On Sunday, October 1st, Jagmeet Singh was elected as the party leader for the New Democratic Party. Most people probably recall commuting to work or class on the morning of Monday, October 2nd and seeing Jagmeet’s face and name splashed across the cover of every newspaper and flooding every timeline. But who exactly is Jagmeet Singh? And what will his leadership mean for the New Democratic Party (NDP) and Canadian politics more broadly?

Jagmeet Singh, is surely the youngest and most social media savvy politician in Canadian politics today, but Singh’s appeal does not stop there. His personality and platform come together to form a strong political force in the federal realm. Fortunately, the NDP’s and Singh’s platform is built to appeal to a large variety of people.

Due to his age, Jagmeet Singh has a lot more recent experience in the post-secondary education system, unlike his colleagues in the political field. Singh also frequently worked with youth activist groups and workshops. Singh’s experience in schools has allowed for him to run policies that appeal to students. For example, Jagmeet Singh platform for job insecurity, the Better Work Program includes provisions such as support for a $15 minimum wage, policies that challenge temp agencies and internships, among others.
Singh is unique, however, in that his appeal is not limited to students and young people. Singh’s economic policies are also quite favourable to Canada’s middle class, including a progressive tax plan and special attention to social services, especially for seniors and those with disabilities. The tax plan that Singh’s campaign promises feature the inclusion of progressive taxation structures, new estate taxes, and high taxation imposed on corporations. A tax plan of this structure should appeal to middle-class Canadians. The social services also serve to draw support for the Singh platform. As the senior population grows in Canada, issues that affect seniors and their families will become more prevalent in the political scene. Singh’s platform gets ahead of this issue through the Canada Senior Guarantee, which dedicates $4 billion towards preexisting and new financial programs for seniors.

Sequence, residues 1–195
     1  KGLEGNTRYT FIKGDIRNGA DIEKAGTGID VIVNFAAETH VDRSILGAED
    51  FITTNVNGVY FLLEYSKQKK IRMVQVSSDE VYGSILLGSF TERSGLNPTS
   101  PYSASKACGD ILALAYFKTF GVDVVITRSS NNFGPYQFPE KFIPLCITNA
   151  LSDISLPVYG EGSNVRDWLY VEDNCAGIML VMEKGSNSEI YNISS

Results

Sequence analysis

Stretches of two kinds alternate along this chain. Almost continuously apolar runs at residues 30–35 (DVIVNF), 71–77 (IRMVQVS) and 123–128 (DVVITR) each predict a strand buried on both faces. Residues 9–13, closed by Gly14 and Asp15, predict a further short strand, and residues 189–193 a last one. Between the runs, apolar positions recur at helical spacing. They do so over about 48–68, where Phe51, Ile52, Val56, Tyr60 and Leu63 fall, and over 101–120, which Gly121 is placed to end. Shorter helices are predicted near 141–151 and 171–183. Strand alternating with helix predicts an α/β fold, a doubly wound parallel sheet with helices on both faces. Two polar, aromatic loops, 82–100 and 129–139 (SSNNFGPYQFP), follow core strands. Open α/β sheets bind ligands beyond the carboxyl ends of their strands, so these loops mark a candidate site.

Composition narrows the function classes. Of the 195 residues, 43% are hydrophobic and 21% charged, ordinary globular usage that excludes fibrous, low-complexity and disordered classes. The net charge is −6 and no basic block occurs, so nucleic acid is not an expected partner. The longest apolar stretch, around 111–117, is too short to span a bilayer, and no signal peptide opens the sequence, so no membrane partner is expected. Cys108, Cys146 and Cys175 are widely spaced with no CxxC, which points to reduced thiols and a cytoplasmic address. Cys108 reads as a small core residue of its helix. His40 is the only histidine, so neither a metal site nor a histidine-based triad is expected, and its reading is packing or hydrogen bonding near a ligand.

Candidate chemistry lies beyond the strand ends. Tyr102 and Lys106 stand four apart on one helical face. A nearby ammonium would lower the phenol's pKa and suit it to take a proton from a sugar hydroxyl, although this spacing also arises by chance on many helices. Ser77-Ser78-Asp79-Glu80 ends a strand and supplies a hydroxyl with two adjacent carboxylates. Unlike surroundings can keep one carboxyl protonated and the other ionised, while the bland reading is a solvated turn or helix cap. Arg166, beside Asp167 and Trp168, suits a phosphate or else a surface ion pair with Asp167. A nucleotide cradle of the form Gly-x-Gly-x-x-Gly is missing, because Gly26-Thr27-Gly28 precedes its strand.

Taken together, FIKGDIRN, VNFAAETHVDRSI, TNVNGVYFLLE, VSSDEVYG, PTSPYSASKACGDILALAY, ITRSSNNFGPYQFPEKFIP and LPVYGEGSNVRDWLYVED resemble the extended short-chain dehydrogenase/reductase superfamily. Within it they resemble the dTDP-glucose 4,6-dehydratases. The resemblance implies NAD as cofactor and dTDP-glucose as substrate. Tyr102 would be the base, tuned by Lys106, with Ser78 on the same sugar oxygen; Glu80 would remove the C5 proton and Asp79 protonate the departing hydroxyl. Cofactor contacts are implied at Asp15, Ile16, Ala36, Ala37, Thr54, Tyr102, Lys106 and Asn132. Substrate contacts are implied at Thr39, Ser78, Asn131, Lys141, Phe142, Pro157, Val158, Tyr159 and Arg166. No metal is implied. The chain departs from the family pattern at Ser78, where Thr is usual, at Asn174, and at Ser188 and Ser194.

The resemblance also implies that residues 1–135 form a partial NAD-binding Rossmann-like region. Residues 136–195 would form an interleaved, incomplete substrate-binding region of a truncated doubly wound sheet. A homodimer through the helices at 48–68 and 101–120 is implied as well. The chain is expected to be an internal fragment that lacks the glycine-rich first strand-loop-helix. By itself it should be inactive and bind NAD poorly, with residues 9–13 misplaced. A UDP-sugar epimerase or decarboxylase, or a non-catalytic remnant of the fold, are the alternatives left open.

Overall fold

Singh’s political platform, which is largely based on his experience in law and social justice, is appealing to many who can identify with him and his experiences. Singh appeals to a wider range of people and communities including Indigenous Canadians and the LGBTQI2S+ community. For example, for the LGBTQI2S+ group, policies such as the Federal ID Initiative and support of a repeal of the blood ban are part of the new NDP platform. Within the Indigenous Justice Agenda, which is one of the most detailed proposals outlined on the NDP website at the moment, proposes to hold the Trudeau government accountable to its promises to the Indigenous community. Alongside, are various other important proposals such as promises to improve the reconciliation process and improve action on the cases of Indigenous women along the Highway of Tears and elsewhere in Canada.

Despite his mass appeal, there has been a lot of controversy following the election of the new NDP leader. Jagmeet Singh has become the first visible ethnic minority to become a party leader in Canada, and one of the five largest political parties nonetheless. Of course, a milestone of this degree does not come without controversy. While many Canadians celebrated the election of Jagmeet Singh, many are grappling with his background, or more specifically the potential political repercussions they think will arise from his religious background. Most Canadians agree that they are not concerned about political leaders’ religious and personal beliefs as long as they do not influence their political action. Others agree that political leaders should be entirely secular, in order to be able to best commit to Canadian values.

Thanks to Singh’s overall savvy and charisma, he has been able to delegitimize stereotypes about him and his background. His ability to do this not only contributes to important conversations about race and religion but it has also put Singh on the map. Many of these encounters have also become internationally known, calling attention to Singh and the NDP. For example, following his election, Singh participated in an interview for CBC and had been asked some questions that were formed on the basis of stereotypes and assumptions. Ultimately this encounter resulted in a media windstorm that involved criticisms toward the reporter and Singh. Meanwhile, the conservative party has a largely unknown party leader: Canadians admit only 33% knew who Andrew Scheer was.

More importantly, Jagmeet Singh’s election has become a key component and catalyst to several dialogues about leadership that Canadians have not yet had an opportunity to discuss on a national scale. These conversations, for example about the roles of religion and race in federal leadership are often times difficult and frustrating. However, these conversations are entirely necessary to the process of progress and evolution. The conversations and debates that will undoubtedly emerge as a result of Jagmeet Singh’s election, will influence the progression of policy in Canada moving forward.

By Stephanie Yaacoub

Please note that opinions expressed are the author’s own. They do not necessarily reflect the views and values of The Blank Page.